Two Worlds, One Name, One Blood, Part II: Marion West and Vy Higginsen...What's the Connection?
In 1959, Marion West and his new bride, Mescal Alma West—affectionately known as “Mack”—established their home in a rural stretch of Poplar Bluff. Together they grew the West Cattle Company and kept that “backgrounding ranch” rolling for nearly half a century, as it handled light yearlings and sent them out to feedlots in 10 states across the country.
West Cattle began bringing operations to a close in 2005. Now the only part of the 156-acre spread Marion West visits virtually daily is the area where his “prayer pine” stands apart from a distant grove. Here, in the pre-dawn hours, West has long had the custom of collecting his thoughts and praying at the start of each new day. (The Oprah Winfrey Show crew is shown prepping a shot at the “prayer pine”, right, for the show’s January 21st broadcast)
2005 was the same year Marion West responded to a Tennessee-based relative’s request to undergo Y-chromosome DNA testing for a family heritage project. The Wests have had an enduring interest in investigating their roots, and now they found they could apply ever-more-accessible genetic technology to the task. Marion West’s test results were added to an online database for men surnamed West. Based on his results, he was soon notified of his certain kinship to a Richmond, VA-born Episcopal priest named James O. West.
James West, for 49 years the beloved “activist pastor” at Calvary Episcopal Church in Washington DC, died in 2006. A light-skinned African-American man whose recent genetic-ethnicity test had determined 52% of his makeup to be European, Rev. West had had his own Y-chromosome DNA test results submitted by a niece to the West-surname database shortly before his passing.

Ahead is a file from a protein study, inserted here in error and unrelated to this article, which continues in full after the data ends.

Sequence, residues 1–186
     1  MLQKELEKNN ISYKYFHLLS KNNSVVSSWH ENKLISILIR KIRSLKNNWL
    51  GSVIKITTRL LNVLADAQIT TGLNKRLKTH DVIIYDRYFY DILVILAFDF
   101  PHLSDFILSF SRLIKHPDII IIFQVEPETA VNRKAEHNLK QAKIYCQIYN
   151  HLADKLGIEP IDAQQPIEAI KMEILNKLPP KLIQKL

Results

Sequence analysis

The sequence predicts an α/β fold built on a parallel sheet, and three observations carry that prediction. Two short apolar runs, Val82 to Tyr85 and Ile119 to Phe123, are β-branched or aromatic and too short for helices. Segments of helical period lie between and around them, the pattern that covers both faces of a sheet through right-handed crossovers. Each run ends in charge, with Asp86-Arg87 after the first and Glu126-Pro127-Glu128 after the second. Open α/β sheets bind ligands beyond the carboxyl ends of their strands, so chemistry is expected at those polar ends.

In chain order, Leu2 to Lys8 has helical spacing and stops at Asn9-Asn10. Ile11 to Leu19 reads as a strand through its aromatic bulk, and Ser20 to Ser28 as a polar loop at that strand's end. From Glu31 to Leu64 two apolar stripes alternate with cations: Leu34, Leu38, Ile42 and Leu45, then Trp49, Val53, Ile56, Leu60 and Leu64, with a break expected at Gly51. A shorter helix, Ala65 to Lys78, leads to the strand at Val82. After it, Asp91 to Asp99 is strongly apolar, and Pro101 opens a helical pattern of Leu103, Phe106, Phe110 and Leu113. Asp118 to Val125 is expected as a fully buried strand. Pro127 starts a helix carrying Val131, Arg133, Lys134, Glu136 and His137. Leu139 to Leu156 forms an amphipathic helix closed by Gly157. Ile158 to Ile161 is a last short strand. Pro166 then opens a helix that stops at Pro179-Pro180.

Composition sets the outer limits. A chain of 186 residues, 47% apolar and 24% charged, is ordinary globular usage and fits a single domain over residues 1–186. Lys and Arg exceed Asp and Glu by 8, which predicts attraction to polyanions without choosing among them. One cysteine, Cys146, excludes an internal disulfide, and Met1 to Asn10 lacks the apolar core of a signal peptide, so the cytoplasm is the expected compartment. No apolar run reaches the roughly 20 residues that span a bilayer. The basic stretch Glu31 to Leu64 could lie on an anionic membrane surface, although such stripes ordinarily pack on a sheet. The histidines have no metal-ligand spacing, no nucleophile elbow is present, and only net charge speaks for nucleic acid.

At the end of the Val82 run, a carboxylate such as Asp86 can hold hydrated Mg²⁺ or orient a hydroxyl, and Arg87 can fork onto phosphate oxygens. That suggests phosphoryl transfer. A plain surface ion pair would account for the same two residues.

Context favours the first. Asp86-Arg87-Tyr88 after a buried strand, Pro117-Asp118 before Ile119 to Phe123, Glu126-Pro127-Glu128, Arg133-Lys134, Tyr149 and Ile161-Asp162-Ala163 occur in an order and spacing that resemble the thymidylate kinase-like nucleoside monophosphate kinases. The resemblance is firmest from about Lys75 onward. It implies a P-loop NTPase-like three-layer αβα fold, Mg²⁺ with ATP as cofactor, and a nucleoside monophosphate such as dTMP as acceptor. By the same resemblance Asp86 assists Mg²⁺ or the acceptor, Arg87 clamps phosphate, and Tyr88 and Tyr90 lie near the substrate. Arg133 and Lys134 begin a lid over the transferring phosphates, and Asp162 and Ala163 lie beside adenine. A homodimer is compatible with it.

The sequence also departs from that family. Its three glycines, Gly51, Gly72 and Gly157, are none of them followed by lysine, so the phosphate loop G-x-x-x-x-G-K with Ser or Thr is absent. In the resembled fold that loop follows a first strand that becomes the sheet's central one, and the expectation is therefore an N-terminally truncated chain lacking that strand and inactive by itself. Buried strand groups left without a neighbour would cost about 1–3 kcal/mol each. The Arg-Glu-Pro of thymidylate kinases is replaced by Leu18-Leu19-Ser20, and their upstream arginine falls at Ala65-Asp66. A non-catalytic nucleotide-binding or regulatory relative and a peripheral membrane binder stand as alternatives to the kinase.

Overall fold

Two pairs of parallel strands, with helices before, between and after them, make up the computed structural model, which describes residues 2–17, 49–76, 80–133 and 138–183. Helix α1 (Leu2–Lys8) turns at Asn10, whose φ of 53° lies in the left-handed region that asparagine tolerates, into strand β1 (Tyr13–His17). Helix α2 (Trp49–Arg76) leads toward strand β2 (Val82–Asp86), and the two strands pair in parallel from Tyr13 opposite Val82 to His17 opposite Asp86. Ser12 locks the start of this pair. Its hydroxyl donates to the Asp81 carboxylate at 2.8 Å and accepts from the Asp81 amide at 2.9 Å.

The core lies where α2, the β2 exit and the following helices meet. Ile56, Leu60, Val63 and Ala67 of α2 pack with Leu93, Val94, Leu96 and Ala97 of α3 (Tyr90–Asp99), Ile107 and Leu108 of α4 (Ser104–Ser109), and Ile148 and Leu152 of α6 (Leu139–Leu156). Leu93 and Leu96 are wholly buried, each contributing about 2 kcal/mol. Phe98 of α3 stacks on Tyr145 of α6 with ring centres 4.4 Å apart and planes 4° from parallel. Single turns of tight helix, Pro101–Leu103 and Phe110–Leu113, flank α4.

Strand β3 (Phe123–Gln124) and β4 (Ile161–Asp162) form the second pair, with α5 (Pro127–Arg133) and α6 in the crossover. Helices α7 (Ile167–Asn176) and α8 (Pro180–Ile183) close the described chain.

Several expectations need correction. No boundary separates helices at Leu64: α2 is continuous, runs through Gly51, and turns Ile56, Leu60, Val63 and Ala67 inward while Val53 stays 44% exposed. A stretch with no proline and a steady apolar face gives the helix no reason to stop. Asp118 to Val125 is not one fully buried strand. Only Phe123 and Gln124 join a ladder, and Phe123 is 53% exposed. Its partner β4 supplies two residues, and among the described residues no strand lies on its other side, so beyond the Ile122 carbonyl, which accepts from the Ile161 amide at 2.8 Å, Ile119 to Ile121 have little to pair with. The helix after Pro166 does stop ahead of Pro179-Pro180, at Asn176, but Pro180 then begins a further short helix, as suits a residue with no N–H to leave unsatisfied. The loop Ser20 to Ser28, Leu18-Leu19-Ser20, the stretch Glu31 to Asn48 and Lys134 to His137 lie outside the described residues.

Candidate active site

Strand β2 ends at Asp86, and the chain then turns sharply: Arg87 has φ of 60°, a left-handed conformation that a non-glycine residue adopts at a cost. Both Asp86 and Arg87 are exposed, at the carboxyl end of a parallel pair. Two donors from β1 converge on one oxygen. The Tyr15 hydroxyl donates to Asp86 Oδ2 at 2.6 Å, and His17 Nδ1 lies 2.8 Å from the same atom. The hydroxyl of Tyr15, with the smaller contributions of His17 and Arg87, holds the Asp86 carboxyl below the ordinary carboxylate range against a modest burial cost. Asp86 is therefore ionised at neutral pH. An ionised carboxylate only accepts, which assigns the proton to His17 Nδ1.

That niece was Harlem-based stage producer Vy Higginsen.
Marion West’s recollection of those days suggests no “Guess Who’s Coming to Dinner?”/”Wo! It’s Sidney Poitier!“-style shock involved in the cousins’ first meeting. According to West, the relative working on his family-tree project had shared all he’d so far learned of the New Yorker, in discussion of the Marion West/James West DNA match. For her part, Higginsen had assumed Marion West might be white from what she’d already been able to gather of the West-surname database itself.
Of their racial difference, West says, “It is what it is, is what I figured; so I gave her a call and said, ‘Hey, kiddo, looks like we’re cousins!'”
West and Higginsen began exchanging information on the spot, and soon started planning their first meeting, which would see Higginsen stepping out of the hustle and bustle of her own vibrant urban setting, and into the more deliberate, seasonally-tempered rhythms of southeast Missouri life.
(photos provided by the West family)
Don’t miss “Two Worlds, One Name, One Blood, Part III: Marion West Gets Ready for His Close-Up”, coming next Wednesday to the semo.net homepage!
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